Joe Cirincione, President of the Ploughshares Fund, and Alexandra Bell, Research Associate at Ploughshares, put out a great piece on HuffPo on Tuesday that reviews and debunks many of the somewhat outrageous claims made by the Bush administration about its legacy, including many nuclear weapons issues. The full piece is available here, although I’m also including the full text of it below as well.
The victors write history. Few would ascribe that right to the outgoing Bush Administration. The "Highlights of Accomplishments and Results of the Administration of George W. Bush" is fifty pages of glossy photos and false claims of the last eight years, complete with "Did You Know" sections usually seen in 8th grade textbooks.
Some of the claims have already been rebutted on Huffington Post.
Here, we just want to set the record straight on the 10 big wins claimed on nuclear weapons. Rather than making us safer, President Bush leaves office with nearly every proliferation problem more dangerous than when he entered. Here are the claims and the facts.
"1-Prevented our Enemies from Threatening America and our Allies with
Weapons of Mass Destruction (WMD)"
True, that there were no attacks in the seven years following 9/11, but there were also none in the seven years previous. Globally, threats have grown. Every member of the "axis of evil" is more dangerous to
"2-Secured a commitment from
True, but only after the neoconservative fantasy of overthrowing the
advanced missile programs and renounce terrorism."
This is the most notable success of the Bush years, but made possible only by breaking with the neocon strategy. Instead of trying to change the Libyan regime, we changed the regime's behavior.
"4- Withdrew from the Anti-Ballistic Missile Treaty and operationalized missile defense."
We did withdraw from the treaty, but all we have to show for it is a scarecrow of a weapons system. Over the past 8 years, the
"5- Dismantled the A.Q. Khan nuclear proliferation network."
Partially true. The A.Q. Khan smuggling network was finally disrupted in 2004, only after sensitive technology was transferred to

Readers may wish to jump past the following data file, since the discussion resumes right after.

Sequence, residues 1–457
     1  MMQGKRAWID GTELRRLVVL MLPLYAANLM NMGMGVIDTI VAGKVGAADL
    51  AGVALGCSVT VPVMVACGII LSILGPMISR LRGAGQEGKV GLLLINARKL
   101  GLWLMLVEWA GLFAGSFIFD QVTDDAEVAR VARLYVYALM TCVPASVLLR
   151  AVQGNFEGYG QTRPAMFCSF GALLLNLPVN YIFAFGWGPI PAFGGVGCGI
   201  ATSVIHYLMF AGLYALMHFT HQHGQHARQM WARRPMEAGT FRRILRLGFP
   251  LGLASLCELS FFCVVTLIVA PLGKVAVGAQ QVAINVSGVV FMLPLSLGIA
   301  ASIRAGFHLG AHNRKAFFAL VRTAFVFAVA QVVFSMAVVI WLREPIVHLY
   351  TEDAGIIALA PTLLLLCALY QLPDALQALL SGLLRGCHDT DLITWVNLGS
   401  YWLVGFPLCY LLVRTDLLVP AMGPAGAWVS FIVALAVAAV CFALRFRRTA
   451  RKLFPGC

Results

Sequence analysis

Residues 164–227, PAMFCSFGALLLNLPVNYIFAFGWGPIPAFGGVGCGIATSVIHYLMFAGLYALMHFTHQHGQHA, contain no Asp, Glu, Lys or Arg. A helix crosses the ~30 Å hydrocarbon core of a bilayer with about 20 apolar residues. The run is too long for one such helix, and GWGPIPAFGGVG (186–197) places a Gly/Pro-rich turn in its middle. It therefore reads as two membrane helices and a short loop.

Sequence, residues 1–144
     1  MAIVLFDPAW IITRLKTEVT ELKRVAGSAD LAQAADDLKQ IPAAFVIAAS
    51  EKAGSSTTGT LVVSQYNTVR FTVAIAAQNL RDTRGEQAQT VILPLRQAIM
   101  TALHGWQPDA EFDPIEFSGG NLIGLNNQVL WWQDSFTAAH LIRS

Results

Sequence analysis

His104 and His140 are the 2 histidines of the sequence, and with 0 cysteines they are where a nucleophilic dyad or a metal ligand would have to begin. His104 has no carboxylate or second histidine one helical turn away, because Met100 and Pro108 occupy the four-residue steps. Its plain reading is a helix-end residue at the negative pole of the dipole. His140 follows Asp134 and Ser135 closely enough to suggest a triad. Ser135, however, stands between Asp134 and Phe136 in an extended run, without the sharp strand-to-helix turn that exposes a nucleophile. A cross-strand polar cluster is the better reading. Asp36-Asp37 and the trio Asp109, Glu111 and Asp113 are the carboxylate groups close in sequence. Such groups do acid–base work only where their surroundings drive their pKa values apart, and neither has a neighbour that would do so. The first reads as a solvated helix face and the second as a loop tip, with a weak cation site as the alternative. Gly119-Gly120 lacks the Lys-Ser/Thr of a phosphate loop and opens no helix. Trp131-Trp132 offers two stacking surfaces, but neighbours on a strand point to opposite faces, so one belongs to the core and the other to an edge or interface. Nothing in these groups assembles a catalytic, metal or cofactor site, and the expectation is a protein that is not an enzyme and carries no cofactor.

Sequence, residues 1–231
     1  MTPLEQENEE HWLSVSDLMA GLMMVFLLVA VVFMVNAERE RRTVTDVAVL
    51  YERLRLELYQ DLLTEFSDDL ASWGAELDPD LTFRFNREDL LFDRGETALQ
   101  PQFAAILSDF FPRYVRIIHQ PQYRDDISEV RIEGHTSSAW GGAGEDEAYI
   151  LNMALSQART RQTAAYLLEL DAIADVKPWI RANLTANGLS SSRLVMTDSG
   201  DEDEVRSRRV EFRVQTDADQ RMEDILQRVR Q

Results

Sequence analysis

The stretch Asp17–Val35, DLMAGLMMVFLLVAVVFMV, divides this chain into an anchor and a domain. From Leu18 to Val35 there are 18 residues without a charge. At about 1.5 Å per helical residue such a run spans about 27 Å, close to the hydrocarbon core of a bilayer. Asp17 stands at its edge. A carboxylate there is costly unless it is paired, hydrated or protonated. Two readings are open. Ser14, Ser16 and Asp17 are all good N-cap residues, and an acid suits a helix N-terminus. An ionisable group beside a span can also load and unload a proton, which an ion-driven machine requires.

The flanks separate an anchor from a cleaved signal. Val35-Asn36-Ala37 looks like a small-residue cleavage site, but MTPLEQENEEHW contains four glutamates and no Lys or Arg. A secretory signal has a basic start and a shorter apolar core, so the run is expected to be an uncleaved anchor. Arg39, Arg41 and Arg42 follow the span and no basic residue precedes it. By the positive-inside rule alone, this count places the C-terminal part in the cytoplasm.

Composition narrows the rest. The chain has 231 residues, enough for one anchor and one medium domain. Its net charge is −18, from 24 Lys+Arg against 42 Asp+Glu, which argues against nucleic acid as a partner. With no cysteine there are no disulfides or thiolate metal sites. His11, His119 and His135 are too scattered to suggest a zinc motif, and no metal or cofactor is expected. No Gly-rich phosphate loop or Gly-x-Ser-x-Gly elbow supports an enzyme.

"6- Established the Proliferation Security Initiative and multilateral coalitions to stop WMD proliferation and strengthen our ability to locate and secure nuclear and radiological materials around the world."
The Proliferation Security Initiative is a good idea of marginal benefit. It is good at detecting and stopping illicit shipments of large items, like missiles and centrifuges, but cannot stop a suitcase full of plutonium or key nuclear components shipped through legitimate channels. This program was a major talking point of the administration, but did little to stop the nuclear program in
"7- Halved the
This has been positive. We have moved ahead of schedule to cut weapons down to the numbers negotiated with
This is dangerous even during good times; today, U.S.-Russian relations are at their worst point since before the collapse of the
There remains no coherent plan for addressing the danger from the almost 1,300 Russian nuclear warheads poised for attack within 15 minutes and thousands more in insecure storage. Former Senator Sam Nunn warns, "It's insane for us, 16 years after the Cold War, to think of the Russian president having four or five minutes to make a decision about whether what may be a false warning requires a response before he loses his retaliatory force."
The War to Nowhere
Finally, the greatest sin in the Bush Legacy Book is one of omission. Nowhere does the history note that senior officials led by President Bush and Vice-President Cheney intentionally misled the American people on the threat from chemical, biological and nuclear weapons from Iraq. Not one claim was true. At the time of the invasion Iraq did not have any significant quantities of these weapons or weapons components, did not have any programs for making these weapons, did not have any plans to restart programs to make these weapons and did not have any operational ties to Al Qaeda or involvement in the attacks of September 11.
President Bush called the failure to find any weapons in